• Child's age, overall health, and medical history
  • Level of the disease
  • Child’s tolerance to specific medications, procedures, or therapies
  • Expectations for the course of the disease

Common treatment for alpha thalassemia may include:

  • Folic acid doses
  • Blood transfusions if needed
  • Chelation therapy against iron overload
  • Removal of spleen if required
  • Allogeneic stem cell transplantation

Beta Thalassemia

Beta thalassemia occurs due to less or no synthesis of beta globin chains, resulting in increased number of alpha chains. The synthesis of Beta globin is controlled by one gene on each chromosome 11. Beta thalassemia generally occurs due to more than 200 point mutations and rarely deletions of the two genes. Beta globin chain production ranges from normal to completely absent, leading to unstable degrees of excess alpha globin to beta globin chain production. The one gene defect, beta thalassemia trait (minor), produces no symptoms and results in microcytosis and mild anemia. If the synthesis from both genes is severely reduced or absent, the person suffers from beta thalassemia major or Cooley anemia. Persons with beta thalassemia major never show symptoms at birth because of the presence of HbF, but symptoms start developing after six months of age. If the synthesis of beta chains is severely reduced, the person suffers from thalassemia intermedia. Such persons experience symptoms that are less severe and do not need lifelong transfusions to survive past 20 years of age.

Types of beta thalassemia

Generally, two genes code for beta globin, and each gene is inherited from both the parents. Beta thalassemia occurs due to mutations in these genes. Following are the sub-categories of beta thalassemia:

  • Beta thalassemia major
  • Beta thalassemia intermedia
  • Beta thalassemia minor

Beta Thalassemia Major

It is the most severe form of thalassemia. Individuals with this condition require blood transfusions throughout the life. People with this form of the disease develop symptoms within the first two years of life. The infant fails to thrive and often has difficulty in feeding, gets easily tired and suffers from severe anemia. Besides this some other complications include enlarged spleen, heart and liver and misshapen bones. In many cases, regular blood transfusions are required to replace the blood with healthy red blood cells. However, these regular transfusions cause build up of excess iron in the blood that can damage the heart, liver and endocrine system. In such cases, chelation therapy may be needed to remove the excess iron from the body.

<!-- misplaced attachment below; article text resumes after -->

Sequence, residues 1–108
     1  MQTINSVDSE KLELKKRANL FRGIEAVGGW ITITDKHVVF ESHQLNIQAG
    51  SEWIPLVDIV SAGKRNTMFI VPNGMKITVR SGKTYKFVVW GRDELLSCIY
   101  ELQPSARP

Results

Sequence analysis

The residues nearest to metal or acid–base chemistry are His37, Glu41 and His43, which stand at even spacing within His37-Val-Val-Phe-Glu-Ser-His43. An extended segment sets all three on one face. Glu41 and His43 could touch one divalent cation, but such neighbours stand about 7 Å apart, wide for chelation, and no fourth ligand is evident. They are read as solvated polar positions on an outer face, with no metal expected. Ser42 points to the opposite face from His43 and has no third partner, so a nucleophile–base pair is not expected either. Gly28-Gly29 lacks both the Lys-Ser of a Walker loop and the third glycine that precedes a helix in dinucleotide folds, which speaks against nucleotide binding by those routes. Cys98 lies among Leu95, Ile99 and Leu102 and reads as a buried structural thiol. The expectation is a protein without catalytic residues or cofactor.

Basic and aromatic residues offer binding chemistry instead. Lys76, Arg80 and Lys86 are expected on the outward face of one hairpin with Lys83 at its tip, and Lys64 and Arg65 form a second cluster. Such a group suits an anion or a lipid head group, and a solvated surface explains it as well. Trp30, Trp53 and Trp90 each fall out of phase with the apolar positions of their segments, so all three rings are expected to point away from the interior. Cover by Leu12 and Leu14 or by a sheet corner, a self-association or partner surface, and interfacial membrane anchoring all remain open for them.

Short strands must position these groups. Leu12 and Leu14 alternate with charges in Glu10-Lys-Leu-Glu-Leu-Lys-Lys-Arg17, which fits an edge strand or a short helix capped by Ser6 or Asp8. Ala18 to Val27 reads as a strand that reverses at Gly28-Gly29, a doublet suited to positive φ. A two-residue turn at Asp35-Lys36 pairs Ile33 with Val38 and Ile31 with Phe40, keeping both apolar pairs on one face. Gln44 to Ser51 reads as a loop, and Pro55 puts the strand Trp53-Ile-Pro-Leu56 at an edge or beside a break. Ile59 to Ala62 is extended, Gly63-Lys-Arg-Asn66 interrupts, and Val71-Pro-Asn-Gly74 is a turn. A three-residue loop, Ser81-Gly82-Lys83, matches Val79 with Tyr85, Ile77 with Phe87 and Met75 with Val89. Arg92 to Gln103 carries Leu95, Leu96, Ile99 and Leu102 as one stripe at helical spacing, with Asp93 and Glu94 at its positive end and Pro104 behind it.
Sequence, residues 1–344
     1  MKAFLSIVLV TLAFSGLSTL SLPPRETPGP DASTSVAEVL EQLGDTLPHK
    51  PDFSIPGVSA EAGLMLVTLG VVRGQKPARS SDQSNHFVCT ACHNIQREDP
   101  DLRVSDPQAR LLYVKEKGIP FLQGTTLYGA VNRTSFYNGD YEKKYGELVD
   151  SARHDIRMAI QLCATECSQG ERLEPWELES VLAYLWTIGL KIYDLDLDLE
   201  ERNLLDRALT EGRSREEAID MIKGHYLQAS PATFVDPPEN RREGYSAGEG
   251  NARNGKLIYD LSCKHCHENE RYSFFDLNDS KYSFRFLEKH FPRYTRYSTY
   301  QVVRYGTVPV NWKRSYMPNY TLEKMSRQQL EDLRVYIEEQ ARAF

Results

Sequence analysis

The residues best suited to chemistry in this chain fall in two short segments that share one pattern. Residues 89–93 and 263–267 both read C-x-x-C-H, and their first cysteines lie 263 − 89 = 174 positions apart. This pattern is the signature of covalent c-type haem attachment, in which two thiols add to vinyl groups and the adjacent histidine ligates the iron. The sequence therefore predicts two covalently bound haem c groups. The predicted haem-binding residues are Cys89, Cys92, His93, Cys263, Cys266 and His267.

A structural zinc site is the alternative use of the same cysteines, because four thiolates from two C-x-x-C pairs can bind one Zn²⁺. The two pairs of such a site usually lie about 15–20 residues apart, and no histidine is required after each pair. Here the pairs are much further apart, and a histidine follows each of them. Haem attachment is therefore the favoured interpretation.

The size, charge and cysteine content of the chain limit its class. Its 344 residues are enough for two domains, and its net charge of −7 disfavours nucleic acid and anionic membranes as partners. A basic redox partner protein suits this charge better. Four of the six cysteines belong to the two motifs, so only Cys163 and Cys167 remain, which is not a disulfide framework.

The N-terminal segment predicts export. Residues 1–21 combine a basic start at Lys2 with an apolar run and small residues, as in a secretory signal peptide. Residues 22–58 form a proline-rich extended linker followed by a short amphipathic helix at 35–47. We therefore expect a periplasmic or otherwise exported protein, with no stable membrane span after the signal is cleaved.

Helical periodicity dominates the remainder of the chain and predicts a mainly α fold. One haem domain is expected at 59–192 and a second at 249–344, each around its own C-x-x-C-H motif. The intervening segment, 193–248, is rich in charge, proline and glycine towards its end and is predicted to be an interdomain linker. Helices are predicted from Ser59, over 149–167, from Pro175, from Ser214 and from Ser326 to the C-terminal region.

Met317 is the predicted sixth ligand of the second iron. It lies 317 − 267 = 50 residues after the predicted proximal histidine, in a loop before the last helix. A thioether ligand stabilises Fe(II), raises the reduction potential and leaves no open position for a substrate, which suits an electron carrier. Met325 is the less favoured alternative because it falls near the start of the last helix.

Beta Thalassemia Intermedia

The symptoms of thalassemia intermedia are milder as compared to thalassemia major and often appear later in life. Individuals with this form of disease develop mild-to-moderate anemia and growth abnormalities. The patients do not require transfusions when they are younger but may need it later in their life.

Beta Thalassemia Minor

This form of thalassemia usually has mild symptoms and the patients do not require blood transfusion. Although this condition is not life-threatening but quality of life may be affected due to mild or moderate anemia. This form of the condition is also called as beta thalassemia trait.

Sickel-beta thalassemia

Some individuals inherit one gene for beta thalassemia from one parent and another gene for sickle hemoglobin (hemoglobin S) from the other parent. This condition is called sickle-beta thalassemia and presents similar symptoms as that of sickle cell disease such as pain, fatigue, an enlarged spleen and susceptibility to infections.

Symptoms of Beta Thalassemia

Beta thalassemia has different symptoms, based on the type of the disorder inherited. Children born with thalassemia major present symptoms like pale skin, fussiness, poor appetite, infections, slow growth, abdominal swelling, jaundice, enlarged spleen, liver, and heart, and brittle and deformed bones.

Thalassemia minima often cause no symptoms in the affected individuals.

In thalassemia intermedia, moderate to severe symptoms are found which include extreme tiredness or fatigue, pale skin, delayed growth, weak and fragile bones, and enlarged spleen.

How is beta thalassemia diagnosed?

Beta thalassemia can be diagnosed with the help of following tests:

Complete blood count (CBC)

This test helps to check the size, number, and maturity of different blood cells in a set volume of blood.

Hemoglobin electrophoresis with hemoglobin F and A2 quantization

This test helps to differentiate various types of hemoglobin.

How is beta thalassemia treated?

Healthcare providers figure out the best treatment for beta thalassemia based on following factors:

  • age, overall health, and medical history
  • How sick a person is
  • How well a patient can handle certain medicines, procedures, or therapies
  • For how long the condition will last

Some common treatment options include:

  • Regular blood transfusions
  • Iron chelation therapy
  • Surgical removal of spleen, if required
  • Daily folic acid supplements
  • Surgical removal of the gallbladder
  • Routine heart and liver function tests
  • Genetic tests
  • Bone marrow transplantation

Saima Andrabi

Saima Andrabi is a clinical biochemist and is passionate about driving knowledge platforms for creating health awareness in the general public. She pursued her master’s degree in clinical biochemistry from University of Kashmir, Srinagar followed by an internship from National Institute of pathology, New Delhi. Her areas of interest include molecular biology, immunology, medical physiology and forensic medicine. Saima is very much interested in writing medical content and wants to create awareness in public through this platform.


Currently, Saima Andrabi is working at Maxinov Solutions Private LTD as a research associate and is associated with DiseaseFix as a medical content writer.